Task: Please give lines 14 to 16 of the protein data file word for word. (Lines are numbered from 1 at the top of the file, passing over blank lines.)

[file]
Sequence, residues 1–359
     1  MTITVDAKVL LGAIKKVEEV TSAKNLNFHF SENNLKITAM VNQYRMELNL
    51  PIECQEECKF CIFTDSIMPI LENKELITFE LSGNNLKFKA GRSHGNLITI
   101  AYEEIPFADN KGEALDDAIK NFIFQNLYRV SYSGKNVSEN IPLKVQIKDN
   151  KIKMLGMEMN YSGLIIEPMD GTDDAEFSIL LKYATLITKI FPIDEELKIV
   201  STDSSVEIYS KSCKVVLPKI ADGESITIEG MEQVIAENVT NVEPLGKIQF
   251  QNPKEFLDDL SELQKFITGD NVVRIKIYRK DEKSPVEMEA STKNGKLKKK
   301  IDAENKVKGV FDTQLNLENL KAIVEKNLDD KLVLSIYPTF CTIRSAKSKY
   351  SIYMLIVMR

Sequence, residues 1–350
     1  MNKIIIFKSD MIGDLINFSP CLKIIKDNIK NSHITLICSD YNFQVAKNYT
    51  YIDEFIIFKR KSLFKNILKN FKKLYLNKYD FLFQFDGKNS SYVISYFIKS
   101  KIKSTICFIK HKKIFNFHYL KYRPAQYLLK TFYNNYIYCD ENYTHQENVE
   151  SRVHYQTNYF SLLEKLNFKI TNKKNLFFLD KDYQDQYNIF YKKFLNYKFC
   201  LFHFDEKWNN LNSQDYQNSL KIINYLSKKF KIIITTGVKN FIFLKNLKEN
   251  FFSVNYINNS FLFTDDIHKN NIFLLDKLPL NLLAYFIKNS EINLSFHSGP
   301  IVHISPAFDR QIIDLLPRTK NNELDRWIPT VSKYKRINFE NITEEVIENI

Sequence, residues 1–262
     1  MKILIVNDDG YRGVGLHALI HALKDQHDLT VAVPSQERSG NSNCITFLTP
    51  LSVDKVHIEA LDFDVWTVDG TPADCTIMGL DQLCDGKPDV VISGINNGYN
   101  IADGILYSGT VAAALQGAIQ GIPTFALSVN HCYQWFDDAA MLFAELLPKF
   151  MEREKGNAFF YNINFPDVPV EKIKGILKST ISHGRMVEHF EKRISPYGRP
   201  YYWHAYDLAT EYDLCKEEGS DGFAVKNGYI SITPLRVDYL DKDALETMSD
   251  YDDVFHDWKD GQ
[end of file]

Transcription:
   151  SRVHYQTNYF SLLEKLNFKI TNKKNLFFLD KDYQDQYNIF YKKFLNYKFC
   201  LFHFDEKWNN LNSQDYQNSL KIINYLSKKF KIIITTGVKN FIFLKNLKEN
   251  FFSVNYINNS FLFTDDIHKN NIFLLDKLPL NLLAYFIKNS EINLSFHSGP